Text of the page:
Friday, September 07, 2007
She said, however, that she still has the same sort of trepidation as she did in May when the students took the tests. In May 2005 and 2006, English as a Second Language students took the Stanford English Language Proficiency Test to test their reading ability. Last year, the Department of Education determined the Stanford test was not similar enough to the commonwealth’s SOL reading test that all the other students took. Virginia's test has content about the state that the Standford test lacked.
Therefore, schools were forced to use the grade-level reading test for all children who had lived in the United States for at least a year.
"I would never say we're out of the woods as far as giving a grade level test to children who speak English as a second language,” she said. She said she expects ESL fifth-graders who have been at Barrett since Kindergarten to do well on the exams, but newly arrived children will always have troubles.
Understanding the results of the testing is actually quite complicated as schools must reach target passing rates in as many as 29 different subsets of students (students grouped as English as a Second Language speakers, or by different races, or by different income levels at home, for example).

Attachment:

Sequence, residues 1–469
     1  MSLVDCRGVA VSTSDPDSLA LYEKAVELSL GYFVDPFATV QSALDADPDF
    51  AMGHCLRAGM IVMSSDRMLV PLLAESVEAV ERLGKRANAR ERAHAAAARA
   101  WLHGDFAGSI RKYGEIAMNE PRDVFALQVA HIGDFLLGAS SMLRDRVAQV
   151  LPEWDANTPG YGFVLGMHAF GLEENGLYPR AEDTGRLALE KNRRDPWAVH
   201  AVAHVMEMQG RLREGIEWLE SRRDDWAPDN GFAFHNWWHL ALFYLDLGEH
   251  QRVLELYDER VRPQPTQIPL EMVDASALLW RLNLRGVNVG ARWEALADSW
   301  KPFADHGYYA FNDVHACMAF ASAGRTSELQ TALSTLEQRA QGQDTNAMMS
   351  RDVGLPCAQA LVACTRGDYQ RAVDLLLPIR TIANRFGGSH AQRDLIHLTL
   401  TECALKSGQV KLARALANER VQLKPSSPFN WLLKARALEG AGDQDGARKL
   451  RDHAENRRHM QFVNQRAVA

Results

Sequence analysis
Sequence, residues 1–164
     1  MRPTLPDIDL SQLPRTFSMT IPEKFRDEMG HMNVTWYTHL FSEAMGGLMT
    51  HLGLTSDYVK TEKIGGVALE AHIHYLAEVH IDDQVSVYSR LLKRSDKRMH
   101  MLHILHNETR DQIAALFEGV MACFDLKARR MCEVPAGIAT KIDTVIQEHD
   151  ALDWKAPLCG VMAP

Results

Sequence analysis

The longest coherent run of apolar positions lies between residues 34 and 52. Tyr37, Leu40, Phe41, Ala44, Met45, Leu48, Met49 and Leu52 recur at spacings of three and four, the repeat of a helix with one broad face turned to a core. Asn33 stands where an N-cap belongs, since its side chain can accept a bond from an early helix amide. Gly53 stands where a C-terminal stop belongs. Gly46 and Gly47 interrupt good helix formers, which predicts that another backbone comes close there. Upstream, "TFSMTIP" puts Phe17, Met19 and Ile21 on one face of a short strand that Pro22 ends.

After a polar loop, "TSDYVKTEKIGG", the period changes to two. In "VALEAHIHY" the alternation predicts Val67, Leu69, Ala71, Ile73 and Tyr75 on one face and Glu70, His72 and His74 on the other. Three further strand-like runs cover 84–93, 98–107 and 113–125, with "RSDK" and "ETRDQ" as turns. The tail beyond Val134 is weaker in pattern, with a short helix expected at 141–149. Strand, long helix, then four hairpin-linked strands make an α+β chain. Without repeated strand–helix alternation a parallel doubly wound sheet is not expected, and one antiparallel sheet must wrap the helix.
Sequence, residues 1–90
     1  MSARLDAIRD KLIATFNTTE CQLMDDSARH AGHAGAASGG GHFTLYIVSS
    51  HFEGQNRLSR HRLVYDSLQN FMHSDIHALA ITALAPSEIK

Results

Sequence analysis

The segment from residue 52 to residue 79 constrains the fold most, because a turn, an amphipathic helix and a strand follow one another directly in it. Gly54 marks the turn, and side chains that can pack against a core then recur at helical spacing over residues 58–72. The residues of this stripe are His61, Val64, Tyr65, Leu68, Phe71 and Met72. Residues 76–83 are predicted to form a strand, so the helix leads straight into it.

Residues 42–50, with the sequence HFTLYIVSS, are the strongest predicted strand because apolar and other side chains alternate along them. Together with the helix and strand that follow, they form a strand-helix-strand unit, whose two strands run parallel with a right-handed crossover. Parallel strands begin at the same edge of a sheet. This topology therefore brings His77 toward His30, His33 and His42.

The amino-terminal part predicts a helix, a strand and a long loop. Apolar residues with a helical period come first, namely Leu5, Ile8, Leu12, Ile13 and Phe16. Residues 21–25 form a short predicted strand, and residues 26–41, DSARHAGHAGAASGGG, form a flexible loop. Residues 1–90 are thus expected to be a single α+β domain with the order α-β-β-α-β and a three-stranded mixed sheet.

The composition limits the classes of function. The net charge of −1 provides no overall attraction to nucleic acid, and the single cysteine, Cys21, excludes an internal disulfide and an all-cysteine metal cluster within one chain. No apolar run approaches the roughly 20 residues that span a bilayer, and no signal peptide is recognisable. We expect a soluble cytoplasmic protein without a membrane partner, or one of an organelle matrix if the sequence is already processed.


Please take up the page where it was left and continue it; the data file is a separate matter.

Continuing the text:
The target passing rate was 73 percent in reading and 71 percent in Math. Barrett met all 17 targets in its different subsets. However, low income students at Campbell Elementary missed the reading assessment (one of Campbell’s 11 targets) and the school failed to make AYP. The targets will rise to 77 and 75 percent for reading and math next May.
Mrs. Bratt said the reading scores in one subset in one grade missed the reading target, but a three-year average was applied, so the target was reached. It gets complicated, and the official report and double-checked numbers have not yet come down from the state.
Students in schools that do not make AYP can be bused for free to other schools; however, once the failing school makes AYP, the students no longer can rely on free bus service, which can be disruptive.
In other good news for the school, Mrs. Bratt reported, "We were projected to have 405 children, and I believe we have 440 children." She likes being so popular among the county’s school choices. Barrett is part of a pod of eight schools. Parents inside the boundaries of any of those schools can choose to send their children to Barrett.
But do they have room for all the unexpected kids? "We're making room," Mrs. Bratt said. "Teachers are always flexible."
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